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Analysis

Does the Anti-Gerrymandering Campaign Threaten Minority Voting Rights?

We tested the theory — which has been put forward by both Democrats and Republicans.

October 10, 2017

When Pennsylvania Demo­crats went to the Supreme Court in 2004 to ask that Pennsylvani­a’s GOP-drawn congres­sional map be struck down as an unfair partisan gerry­mander, they drew oppos­i­tion from an unex­pec­ted source: fellow Demo­crats.

Alabama Demo­crats told the court in a brief they were concerned that ending partisan gerry­man­der­ing would “under­mine … the abil­ity of African Amer­ic­ans in Alabama to continue the effect­ive exer­cise of their newly won abil­ity to parti­cip­ate in the polit­ical process.”

In 2001, they poin­ted out, “African-Amer­ican repres­ent­at­ives pulled, hauled, and traded with their white colleagues” to achieve greater repres­ent­a­tion.

In short, polit­ical gerry­man­der­ing — in which it was taken for gran­ted that Demo­crats sought an advant­age — helped maxim­ize the voice of African Amer­ic­ans.

Flash forward 13 years. Echoes of the same argu­ment are being heard again as the Supreme Court once weighs the consti­tu­tion­al­ity of partisan gerry­man­der­ing — this time in the pivotal Gill v. Whit­ford case, involving Wiscon­sin’s polit­ical map. The oral argu­ment took place last week. (In the 2004 case, the court dead­locked badly, fail­ing to agree on where to draw the line on gerry­man­der­ing.)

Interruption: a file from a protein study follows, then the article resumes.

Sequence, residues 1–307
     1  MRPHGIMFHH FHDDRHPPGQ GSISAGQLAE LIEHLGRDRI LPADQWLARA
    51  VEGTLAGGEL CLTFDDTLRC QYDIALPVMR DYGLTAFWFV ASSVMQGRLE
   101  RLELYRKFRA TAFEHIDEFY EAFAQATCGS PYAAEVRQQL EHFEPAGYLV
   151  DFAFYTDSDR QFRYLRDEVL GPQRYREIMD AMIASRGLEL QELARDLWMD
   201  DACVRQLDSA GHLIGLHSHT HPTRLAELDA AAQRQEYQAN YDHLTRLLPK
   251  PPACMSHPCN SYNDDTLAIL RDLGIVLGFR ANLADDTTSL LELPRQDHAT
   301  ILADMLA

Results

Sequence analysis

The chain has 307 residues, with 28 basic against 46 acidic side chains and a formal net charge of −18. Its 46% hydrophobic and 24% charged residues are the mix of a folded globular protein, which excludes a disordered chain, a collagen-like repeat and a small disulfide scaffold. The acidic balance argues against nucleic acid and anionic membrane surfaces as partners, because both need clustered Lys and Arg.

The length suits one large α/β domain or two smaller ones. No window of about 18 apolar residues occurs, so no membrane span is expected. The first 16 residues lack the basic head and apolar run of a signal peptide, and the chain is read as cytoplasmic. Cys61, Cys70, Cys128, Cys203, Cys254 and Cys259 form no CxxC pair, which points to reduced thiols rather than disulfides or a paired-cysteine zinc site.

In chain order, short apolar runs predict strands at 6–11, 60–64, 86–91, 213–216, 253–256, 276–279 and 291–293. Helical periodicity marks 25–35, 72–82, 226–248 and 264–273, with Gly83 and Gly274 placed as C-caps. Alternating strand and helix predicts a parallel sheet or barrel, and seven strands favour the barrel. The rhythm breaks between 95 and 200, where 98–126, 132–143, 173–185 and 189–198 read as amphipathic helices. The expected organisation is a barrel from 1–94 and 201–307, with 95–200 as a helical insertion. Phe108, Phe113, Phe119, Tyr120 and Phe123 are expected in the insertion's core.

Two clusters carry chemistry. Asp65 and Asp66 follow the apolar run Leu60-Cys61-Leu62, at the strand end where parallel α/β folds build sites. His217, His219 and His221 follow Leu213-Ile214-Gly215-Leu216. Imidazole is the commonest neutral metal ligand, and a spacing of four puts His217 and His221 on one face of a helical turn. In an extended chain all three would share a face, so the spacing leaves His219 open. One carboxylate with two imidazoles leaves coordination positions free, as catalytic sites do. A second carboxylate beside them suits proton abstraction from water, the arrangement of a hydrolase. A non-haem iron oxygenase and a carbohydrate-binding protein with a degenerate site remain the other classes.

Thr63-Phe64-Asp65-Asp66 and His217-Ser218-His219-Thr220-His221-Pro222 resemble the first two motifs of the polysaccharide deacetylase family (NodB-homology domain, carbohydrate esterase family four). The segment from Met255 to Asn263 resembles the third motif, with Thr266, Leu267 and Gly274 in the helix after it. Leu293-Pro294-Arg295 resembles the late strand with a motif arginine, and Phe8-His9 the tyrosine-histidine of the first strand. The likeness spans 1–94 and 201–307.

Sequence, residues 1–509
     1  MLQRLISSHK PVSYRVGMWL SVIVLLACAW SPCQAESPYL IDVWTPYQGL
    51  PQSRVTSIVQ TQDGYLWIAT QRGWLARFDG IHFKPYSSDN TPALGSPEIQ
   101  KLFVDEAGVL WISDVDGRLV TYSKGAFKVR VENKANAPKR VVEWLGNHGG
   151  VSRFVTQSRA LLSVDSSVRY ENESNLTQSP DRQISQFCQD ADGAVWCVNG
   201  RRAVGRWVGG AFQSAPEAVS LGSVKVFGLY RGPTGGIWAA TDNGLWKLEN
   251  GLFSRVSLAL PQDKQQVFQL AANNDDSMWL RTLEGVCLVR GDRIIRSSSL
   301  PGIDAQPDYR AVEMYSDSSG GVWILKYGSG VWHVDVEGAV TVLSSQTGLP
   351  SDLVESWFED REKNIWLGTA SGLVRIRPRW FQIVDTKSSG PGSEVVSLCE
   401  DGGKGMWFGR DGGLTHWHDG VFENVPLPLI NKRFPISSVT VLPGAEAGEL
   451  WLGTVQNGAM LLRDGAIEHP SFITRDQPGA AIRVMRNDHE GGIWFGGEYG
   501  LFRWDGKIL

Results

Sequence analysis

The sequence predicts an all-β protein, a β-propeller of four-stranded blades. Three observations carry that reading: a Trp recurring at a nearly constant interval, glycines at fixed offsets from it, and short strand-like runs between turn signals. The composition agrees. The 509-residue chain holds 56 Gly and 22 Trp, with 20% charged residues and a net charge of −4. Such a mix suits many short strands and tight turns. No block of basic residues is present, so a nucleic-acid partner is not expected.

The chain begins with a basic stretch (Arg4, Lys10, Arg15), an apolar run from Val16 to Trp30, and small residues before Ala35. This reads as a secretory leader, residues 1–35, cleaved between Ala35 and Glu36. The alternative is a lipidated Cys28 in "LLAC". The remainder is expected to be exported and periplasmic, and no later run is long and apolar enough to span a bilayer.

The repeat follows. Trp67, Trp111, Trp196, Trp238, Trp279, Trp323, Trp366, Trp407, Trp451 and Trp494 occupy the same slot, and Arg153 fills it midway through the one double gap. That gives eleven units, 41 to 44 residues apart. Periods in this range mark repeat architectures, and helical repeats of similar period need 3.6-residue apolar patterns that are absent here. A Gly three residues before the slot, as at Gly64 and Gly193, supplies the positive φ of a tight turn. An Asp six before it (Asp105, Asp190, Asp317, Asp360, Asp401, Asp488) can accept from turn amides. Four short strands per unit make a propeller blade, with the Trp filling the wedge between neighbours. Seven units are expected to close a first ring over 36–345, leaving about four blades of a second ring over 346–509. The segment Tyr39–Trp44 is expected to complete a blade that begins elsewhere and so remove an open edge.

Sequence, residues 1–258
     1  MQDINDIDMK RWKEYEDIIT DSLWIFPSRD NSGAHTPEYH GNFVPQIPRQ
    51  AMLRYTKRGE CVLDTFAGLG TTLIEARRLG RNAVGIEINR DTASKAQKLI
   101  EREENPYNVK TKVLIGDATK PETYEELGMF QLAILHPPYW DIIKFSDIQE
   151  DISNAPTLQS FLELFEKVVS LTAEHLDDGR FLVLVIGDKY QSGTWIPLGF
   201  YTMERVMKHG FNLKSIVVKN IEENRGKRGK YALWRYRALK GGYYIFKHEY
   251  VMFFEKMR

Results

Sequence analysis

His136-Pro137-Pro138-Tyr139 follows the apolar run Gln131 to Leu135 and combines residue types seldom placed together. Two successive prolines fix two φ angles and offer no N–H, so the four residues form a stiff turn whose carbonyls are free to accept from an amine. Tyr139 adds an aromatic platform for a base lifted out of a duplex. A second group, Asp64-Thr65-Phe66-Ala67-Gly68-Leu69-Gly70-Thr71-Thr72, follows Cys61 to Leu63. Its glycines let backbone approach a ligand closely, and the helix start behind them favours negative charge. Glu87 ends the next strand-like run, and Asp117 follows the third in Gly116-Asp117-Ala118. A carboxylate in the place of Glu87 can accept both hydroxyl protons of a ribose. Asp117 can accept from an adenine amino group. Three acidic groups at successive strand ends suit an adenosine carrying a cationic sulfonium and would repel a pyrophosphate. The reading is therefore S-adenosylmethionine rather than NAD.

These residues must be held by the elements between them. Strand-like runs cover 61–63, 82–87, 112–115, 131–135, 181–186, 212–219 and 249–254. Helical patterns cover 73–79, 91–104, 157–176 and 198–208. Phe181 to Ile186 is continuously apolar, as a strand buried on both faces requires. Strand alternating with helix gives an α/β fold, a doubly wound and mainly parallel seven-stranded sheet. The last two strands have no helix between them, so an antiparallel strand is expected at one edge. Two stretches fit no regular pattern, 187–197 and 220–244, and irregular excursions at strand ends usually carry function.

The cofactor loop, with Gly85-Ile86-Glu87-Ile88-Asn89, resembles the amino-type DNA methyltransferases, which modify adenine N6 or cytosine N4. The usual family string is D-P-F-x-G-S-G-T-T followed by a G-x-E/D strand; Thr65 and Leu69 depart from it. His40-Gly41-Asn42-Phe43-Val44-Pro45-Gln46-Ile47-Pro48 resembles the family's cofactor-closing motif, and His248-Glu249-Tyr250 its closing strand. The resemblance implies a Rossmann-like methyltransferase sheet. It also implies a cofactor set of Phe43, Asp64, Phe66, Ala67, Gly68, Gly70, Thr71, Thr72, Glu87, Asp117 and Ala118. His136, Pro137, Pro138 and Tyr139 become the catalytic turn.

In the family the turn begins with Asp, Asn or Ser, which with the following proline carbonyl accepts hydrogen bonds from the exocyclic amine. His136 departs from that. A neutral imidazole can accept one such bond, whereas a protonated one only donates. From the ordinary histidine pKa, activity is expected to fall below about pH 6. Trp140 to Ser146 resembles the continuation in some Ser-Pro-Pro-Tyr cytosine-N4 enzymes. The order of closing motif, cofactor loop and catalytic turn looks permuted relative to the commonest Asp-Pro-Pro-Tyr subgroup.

Now it is the National Repub­lican Congres­sional Commit­tee that argues that ending polit­ical gerry­man­der­ing would hurt African Amer­ic­ans. “A [proposed] test for partisan gerry­man­der­ing creates conflicts between district­ing and Section 2 of the Voting Rights Act.”

Section 2 of the Voting Rights Act gives courts the power, in some circum­stances, to require the creation of major­ity-minor­ity districts, to ensure minor­ity voters have an equal chance to parti­cip­ate in the polit­ical process.

But is the claim actu­ally true? Is the goal of elim­in­at­ing partisan gerry­man­der­ing in conflict with the goal of making sure minor­ity communit­ies have an effect­ive elect­oral voice?

We looked at the issue empir­ic­ally, by analyz­ing more than two decades’ worth of elect­oral maps — from 1992 to 2006 — from 18 states that that had major­ity-minor­ity districts in this period.

Our find­ings upend conven­tional wisdom. The data categor­ic­ally demon­strates that minor­ity voting power can be protec­ted when partisan gerry­man­der­ing is forbid­den. Not only can the two goals coex­ist, but major­ity-minor­ity districts can help prevent minor­ity communit­ies from being used to maxim­ize partisan advant­age — by either Repub­lic­ans or Demo­crats.

Legis­latures created more major­ity-minor­ity districts in the 1990s, in part to comply with the Voting Rights Act

To set the stage for our analysis: Virtu­ally every­one acknow­ledges that the wave of major­ity-minor­ity districts created in the 1990s were wildly success­ful in finally giving African Amer­ic­ans and Lati­nos a mean­ing­ful say in who repres­en­ted them — often for the first time, and partic­u­larly in the South.